After weeks of guessing the Academy of Motion Picture Arts and Sciences’ favorite films and performances, the 2020 Oscar nominations have been announced, revealing that most of the members liked what you liked. Joker! Once Upon a Time … in Hollywood! Parasite! 1917! It was a largely predictable slate of nominees.
Except where it wasn’t. Every year’s list of nominees produces a jaw-dropping omission or two, and the 2020 edition delivered its own batch of face-palming MIAs. From a daring dual performance to a momentous comeback to one of the most mesmerizing documentaries in years, there were more than a few head-scratching nominations missing from this morning’s list. Here are the 12 most egregious, enraging snubs.
Best Director: Greta Gerwig for Little Women
Or: Any woman for Best Director. When will the Academy honor female directors to the same degree it does men? The Academy once again threw its gender bias right on the table, picking five guys for Best Director and ignoring an obvious choice sitting in their Best Picture lineup. Greta Gerwig made the cut for Lady Bird but apparently wasn’t deemed worthy for her equally acclaimed follow-up, even though the film landed six nominations overall. Big-up the film’s two acting nominations and being one of the best pictures of the year … but it’s not one of the best directed? What?
And the embarrassing history when it comes to nominating women in this category didn’t just snub Gerwig this year. What if the Academy had surprised everyone and nominated Céline Sciamma for Portrait of a Lady on Fire? Or Marielle Heller for A Beautiful Day in the Neighborhood? Or Lulu Wang for The Farewell? (More on that in a second.) Every year, more and more female directors seem to be working hard to correct the gender imbalance in their field. Maybe someday the Academy will notice.
Best Actress: Lupita Nyong’o for Us
The voting body snubbed one of the most acclaimed performances in years — well, actually, two performances. Lupita Nyong’o’s dual threat in Jordan Peele’s Us was one of the most daring, jaw-dropping balancing acts of the year by far. Yet this is an Academy that often embraces impersonation over embodiment of something original, and one unwilling to consider the notion that a blockbuster genre film not named Joker could have a genuine nominee anchoring it from beginning to end. (This is the same organization that has also traditionally demonstrated a bias against horror, but still.) What Nyong’o does in this film should have had her leading the conversation about winning her second award — but she can’t even get a nomination?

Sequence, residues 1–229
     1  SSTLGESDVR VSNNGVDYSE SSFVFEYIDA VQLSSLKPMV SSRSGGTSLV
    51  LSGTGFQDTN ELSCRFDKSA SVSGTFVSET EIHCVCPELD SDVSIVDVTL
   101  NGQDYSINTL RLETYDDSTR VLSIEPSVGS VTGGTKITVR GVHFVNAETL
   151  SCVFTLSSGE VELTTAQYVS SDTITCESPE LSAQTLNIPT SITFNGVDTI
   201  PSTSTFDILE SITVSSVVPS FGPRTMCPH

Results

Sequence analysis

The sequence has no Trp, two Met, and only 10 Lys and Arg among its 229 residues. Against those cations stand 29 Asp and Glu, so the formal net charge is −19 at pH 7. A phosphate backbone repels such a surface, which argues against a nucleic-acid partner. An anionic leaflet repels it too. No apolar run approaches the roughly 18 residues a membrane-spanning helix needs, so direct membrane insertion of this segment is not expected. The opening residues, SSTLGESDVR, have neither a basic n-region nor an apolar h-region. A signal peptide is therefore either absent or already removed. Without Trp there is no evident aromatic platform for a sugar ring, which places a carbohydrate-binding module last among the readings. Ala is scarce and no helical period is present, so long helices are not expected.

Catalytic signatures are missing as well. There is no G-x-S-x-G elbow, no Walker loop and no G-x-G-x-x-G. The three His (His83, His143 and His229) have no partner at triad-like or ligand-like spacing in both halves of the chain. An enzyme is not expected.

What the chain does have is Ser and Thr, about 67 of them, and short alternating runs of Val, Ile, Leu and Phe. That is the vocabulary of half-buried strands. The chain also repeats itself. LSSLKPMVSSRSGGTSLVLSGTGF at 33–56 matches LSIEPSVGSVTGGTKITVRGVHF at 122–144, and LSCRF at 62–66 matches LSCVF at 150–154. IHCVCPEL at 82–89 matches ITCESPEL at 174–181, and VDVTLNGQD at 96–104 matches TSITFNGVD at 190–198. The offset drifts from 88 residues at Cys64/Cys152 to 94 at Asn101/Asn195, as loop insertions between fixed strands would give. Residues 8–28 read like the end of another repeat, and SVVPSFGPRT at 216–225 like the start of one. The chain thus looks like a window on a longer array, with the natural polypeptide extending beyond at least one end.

Best Supporting Actress: Jennifer Lopez for Hustlers
This was probably the biggest head-scratcher, given the deafening buzz that surrounded Jennifer Lopez’s performance since the minute that Hustlers premiered at the Toronto International Film Festival. J-Lo dominates Lorene Scafaria’s film with one of those magnetic performances that the Academy typically loves, especially when it can be accompanied by a comeback narrative. In fact, there were people all the way up to nomination morning suggesting that there’s so much love in Hollywood for Lopez that she’d be considered by many to be a near-lock for a win. So what happened? Did the subject matter scare away voters? If so, it’s truly criminal that a performance that injected so much life into awards season has seen its run cut short before the final number.
The Farewell for anything
A24 had a rough morning overall, and the most tragic example of that has to be the complete exclusion of Lulu Wang’s beloved personal drama about her grandmother’s cancer diagnosis. Considered a shoo-in for Best Original Screenplay and a definite possibility in the Best Actress and Best Supporting Actress categories, The Farewell ended up with a total of zero nominations. From its Sundance premiere through its amazing theatrical run, it was an audience favorite. It helped rebrand Awkwafina as a dramatic actor, and introduced a sui generis voice in its writer-director. And … nada. It’s a true shame that a film this tender and personal couldn’t even get one nomination to push it to a wider audience.
Best Actor: Adam Sandler for Uncut Gems
What does Adam Sandler have to do to get a nomination? The man gave what was arguably the best performance of his career in Josh and Benny Safdies’ anxiety-inducing drama about a jeweler unable to see past (or outrun) his own personal flaws. A walking ball of tension, Sandler perfectly riffs on his screen personality of the bumbling buffoon; no other actor could have played this walking, talking, sweating, kvetching antihero in precisely the same way. Sure, in a crowded Best Actor field it always felt like something of a long shot, but his character lived and died on the long shot. He would have bet on Sandler too.